and . Submission must have three source code files.

Refer to the Moodle documents: “How to Develop a Simple Java Program” and “Style Guide” for
details on expected program and class format and documentation. Review both documents carefully!
Note: the class source code file will use the class heading documentation, the tester (main)
source code file will use the program heading documentation.

Algorithm (pseudocode) should be submitted for each program, in a separate text file, and included
with the Moodle posting and class submission.

Print out a copy of your primary source code, each class source code, the pseudocode and submit
in class — signed, stapled and collated in the specified sequence: primary source code (w/main)
file, two class source code files, and then the pseudocode text file(s).

Post a .zip file — with all source code (.java) and text files — on the Moodle web site. Please
do not include any extraneous (IDE) files in the Moodle submission.

Program documentation must include the required signed disclaimer (comment) in the
heading — no grade will be assigned to programs that omit the disclaimer or signature.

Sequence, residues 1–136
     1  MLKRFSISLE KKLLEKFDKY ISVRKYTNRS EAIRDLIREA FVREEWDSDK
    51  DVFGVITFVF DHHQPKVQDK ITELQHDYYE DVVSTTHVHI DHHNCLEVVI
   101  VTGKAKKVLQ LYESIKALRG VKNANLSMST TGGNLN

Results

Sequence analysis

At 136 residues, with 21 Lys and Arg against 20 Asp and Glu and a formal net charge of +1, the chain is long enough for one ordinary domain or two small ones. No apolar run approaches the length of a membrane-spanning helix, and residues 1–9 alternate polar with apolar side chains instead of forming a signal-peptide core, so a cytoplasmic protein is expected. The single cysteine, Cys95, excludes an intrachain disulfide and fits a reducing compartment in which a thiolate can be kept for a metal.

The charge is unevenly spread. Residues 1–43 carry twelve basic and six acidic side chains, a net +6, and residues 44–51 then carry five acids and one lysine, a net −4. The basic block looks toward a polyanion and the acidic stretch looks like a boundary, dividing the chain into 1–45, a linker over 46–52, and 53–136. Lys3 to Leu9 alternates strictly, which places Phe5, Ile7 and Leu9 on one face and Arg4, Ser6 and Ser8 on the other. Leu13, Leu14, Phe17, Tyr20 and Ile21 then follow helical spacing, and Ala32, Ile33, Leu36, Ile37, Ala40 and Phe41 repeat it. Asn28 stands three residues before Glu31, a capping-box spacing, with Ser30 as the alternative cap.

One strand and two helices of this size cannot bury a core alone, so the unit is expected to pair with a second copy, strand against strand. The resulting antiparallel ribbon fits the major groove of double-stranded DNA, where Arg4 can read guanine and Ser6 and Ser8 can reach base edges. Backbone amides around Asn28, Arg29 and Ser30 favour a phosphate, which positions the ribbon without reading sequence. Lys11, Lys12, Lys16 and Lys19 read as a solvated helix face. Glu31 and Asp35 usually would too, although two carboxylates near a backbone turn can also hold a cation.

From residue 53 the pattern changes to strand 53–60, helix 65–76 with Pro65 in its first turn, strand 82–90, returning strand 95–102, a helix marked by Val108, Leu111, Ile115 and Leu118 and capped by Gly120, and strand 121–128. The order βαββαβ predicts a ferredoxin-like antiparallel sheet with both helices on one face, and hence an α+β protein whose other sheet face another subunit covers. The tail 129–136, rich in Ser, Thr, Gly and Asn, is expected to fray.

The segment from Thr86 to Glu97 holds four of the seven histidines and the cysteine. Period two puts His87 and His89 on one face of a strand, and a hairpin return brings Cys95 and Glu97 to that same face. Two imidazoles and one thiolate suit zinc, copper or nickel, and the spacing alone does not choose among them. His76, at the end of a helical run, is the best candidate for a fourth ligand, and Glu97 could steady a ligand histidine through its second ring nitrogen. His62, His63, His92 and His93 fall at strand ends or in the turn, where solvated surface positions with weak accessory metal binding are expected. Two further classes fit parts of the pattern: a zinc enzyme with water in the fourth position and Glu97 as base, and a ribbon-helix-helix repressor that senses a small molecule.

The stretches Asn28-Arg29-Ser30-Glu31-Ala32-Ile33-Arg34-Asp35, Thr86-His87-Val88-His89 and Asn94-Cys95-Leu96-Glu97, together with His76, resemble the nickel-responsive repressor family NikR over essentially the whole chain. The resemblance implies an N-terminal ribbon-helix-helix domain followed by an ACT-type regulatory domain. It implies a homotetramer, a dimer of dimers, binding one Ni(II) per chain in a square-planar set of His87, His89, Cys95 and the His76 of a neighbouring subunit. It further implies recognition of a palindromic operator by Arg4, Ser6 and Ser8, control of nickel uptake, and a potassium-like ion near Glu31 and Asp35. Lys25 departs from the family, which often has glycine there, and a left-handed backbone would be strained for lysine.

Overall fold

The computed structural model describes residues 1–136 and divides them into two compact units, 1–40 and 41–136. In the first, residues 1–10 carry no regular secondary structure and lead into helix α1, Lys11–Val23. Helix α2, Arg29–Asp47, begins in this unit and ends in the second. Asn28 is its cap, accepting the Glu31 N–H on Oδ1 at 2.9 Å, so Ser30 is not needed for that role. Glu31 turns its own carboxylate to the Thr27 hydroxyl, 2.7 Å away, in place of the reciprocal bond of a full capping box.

Sample Output:

Summary of Game Statistics
| (1) Total Games 1000000 |
| (2) Total Rolls 3372851 |
| (3) Average Rolls 3.3729 |
| (4) Longest Game 44 |

Summary of Win Statistics
| Stat Games Outcome Expected |
| Total Wins 493449 (5) 0.4934 (7) 0.4929 (6) |
| Coming Out Wins 222770 (8) 0.6666 (11) 0.6667 (10) |
| Coming Out Games 334374 (9) 0.3344 (13) 0.3333 (12) |

Summary of Ending Statistics
| Stat Games Outcome Expected |
| Continuing On Games 665626 (14) 0.6656 (16) 0.6667 (15) |

Summary of Game Lengths in Rolls (17)
| Rolls # of Games |
| 1 334374 |
| 2 187707 |
| 3 134314 |
| 4 96603 |
| 5 69067 |
| 6 49933 |
| 7 35915 |
| 8 25670 |
| 9 18458 |
| 10 13221 |
| 11 9617 |
| 12 6938 |
| 13 4998 |
| 14 3612 |
| 15 2649 |
| 16 1828 |
| 17 1440 |
| 18 984 |
| 19 722 |
| 20 516 |
| 21+ 1434 |
| – – – – – – – – – – – – – – – – – – – – |
| Total 1000000 |

Note: the values above are only representative, may not be accurate, and results will certainly vary.